The world is your balloon
If it wasn’t anything special as art or even entertainment, Lyric Opera of Chicago’s recent production of Rinaldo (March 24) does offer an excellent peg on which to hang an argument about the future of opera in America. And if this Rinaldo is an example of where we’re heading, that future looks very much like a mediocre dub of the past.
This was a fine, strong musical performance in mainstream big-house Handel style conducted by Harry Bicket. Vibrato of voices and instruments alike was modern and ringing. The odd aria was truncated to only an “A” statement, and presumably a few numbers were omitted. There was not a lot of recitative.
I would say the most completely successful vocal performance was Iestyn Davies as Eustazio. It’s a good sized voice, not really a glamorous sound, but even through the whole range, with clean, meaningful Italian diction. He’s appealing onstage, too: not just good-looking but alert in his own scenes and attentive to his colleagues. I’m ready to hear him in the big star parts, maybe even Rinaldo.
David Daniels has made a vocal transition in middle (or late middle) career. The singing has lost something that hypnotic repose he used to command; instead, he relies on a very solid technique. The effect is essentially the same, long-breathed phrases, shaped with meaning and beauty, but now you can hear the machinery working. He (still, that horrible word) looks great onstage, even hideously costumed as he was, and what little sense of serious drama emerged from the production was his creation.
It would be most interesting to hear Elza van den Heever in a production of this opera where Armida’s character of a conflicted sorceress would not be played for cheap gags. Her dramatic coloratura is cool and a bit smoky, but quite big, the largest voice on the stage.
Luca Pisaroni‘s Argante was a bit underwhelming, I thought, taking his lyric bass-baritone to its limits and tempting him to bluster. Of all the hideous costumes in this production, his was the worst, a skirt made of old bits of Persian carpet, a “Gaylord Ravenal” swallowtail coat and a feathered turban that would look fey on Maggie Smith.
Then there was Sonia Prina as Goffredo, rather an ugly voice but very defined coloratura, and Julia Kleiter, essentially a washout as Almirena, unfocused and wan.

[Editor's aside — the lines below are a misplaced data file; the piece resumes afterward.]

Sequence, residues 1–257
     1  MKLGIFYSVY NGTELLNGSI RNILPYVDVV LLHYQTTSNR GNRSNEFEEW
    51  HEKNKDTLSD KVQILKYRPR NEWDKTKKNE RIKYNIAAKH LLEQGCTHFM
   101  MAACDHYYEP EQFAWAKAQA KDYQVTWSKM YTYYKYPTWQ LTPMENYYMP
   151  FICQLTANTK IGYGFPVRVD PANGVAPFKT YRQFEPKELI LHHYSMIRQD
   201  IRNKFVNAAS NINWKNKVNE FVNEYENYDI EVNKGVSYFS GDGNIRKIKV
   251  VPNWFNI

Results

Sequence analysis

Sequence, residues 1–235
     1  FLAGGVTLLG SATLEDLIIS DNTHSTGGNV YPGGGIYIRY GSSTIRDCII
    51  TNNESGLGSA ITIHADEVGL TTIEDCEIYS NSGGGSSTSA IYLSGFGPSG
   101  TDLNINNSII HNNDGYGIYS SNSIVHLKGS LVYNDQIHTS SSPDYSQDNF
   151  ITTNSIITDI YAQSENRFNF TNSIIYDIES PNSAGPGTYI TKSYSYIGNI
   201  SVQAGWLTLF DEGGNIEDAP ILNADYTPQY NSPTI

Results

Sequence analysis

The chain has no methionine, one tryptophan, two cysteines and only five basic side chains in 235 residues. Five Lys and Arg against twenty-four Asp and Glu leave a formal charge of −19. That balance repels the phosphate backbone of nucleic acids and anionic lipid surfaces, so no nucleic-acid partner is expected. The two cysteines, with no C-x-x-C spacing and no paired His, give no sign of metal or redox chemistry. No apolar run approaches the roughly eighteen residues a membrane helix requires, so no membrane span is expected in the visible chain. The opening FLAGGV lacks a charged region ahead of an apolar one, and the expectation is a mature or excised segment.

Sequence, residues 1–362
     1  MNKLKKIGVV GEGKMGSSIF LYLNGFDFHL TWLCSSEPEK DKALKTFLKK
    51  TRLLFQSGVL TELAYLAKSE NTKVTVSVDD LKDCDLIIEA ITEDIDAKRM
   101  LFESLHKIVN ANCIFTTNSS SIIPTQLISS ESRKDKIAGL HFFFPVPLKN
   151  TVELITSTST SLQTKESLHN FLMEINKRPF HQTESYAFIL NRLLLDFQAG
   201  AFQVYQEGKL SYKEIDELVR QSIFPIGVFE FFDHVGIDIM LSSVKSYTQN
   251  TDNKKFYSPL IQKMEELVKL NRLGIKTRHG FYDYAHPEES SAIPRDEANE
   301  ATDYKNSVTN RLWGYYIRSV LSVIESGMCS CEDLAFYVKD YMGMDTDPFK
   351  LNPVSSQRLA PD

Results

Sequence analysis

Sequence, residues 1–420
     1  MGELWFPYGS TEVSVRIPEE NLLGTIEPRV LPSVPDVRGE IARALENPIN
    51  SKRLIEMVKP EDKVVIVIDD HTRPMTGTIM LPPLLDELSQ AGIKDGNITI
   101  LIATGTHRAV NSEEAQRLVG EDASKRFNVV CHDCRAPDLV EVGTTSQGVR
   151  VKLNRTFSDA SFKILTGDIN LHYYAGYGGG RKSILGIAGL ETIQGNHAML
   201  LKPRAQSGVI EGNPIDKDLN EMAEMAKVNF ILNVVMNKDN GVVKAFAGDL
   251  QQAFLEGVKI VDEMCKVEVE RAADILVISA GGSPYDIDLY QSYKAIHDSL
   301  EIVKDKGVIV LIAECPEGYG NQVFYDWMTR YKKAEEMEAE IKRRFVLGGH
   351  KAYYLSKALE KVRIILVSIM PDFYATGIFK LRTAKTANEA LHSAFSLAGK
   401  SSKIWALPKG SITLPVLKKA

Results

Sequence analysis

If I have ever seen a worse opera staging than this one by Francisco Negrin, I must have repressed the memory. The sets and costumes were cheesy, looking like something from a kids’ TV show from the 1970s. Everything concerning Armida and Argante was camped up, up to and including the denouement when the pagans’ conversion to Christianity was turned into a joke. (Armida “accidentally” dropped the vessel of holy water on the last chord. Oopsy!) A clunky attempt at metahumor, lowering a gigantic harpsichord over the stage to symbolize Armida’s realm or something, was recycled from Negrin’s 2000 production of this opera at NYCO, vastly inflated and coarsened for the maximum of “who could take this nonsense seriously?” attitude.
And… can we please make an end once and for all of the corps de ballet cavorting during ritornellos? Particularly egregious was Armida’s gaggle of Harmonia Gardens demon-faggots wiggling their asses in bad imitation of the next-to-latest Beyoncé video. Over and over and over again, mind you, and even when they stood still they kept on mugging.
No, I’m not kidding. This piece of crap made Mary Zimmerman‘s worst opera work look like Wieland Wagner on a good day, and Zimmerman at least has the excuse she’s a neophyte at opera direction. Negrin’s been cranking out his brand of cutesy schlock for over two decades now, and my only hope is that that utter awfulness of this effort will turn unwary opera houses against him. Though, given the volume of belly laughs this Rinaldo won from the Lyric Opera audience, it seems that the crusade against bad taste may be unwinnable.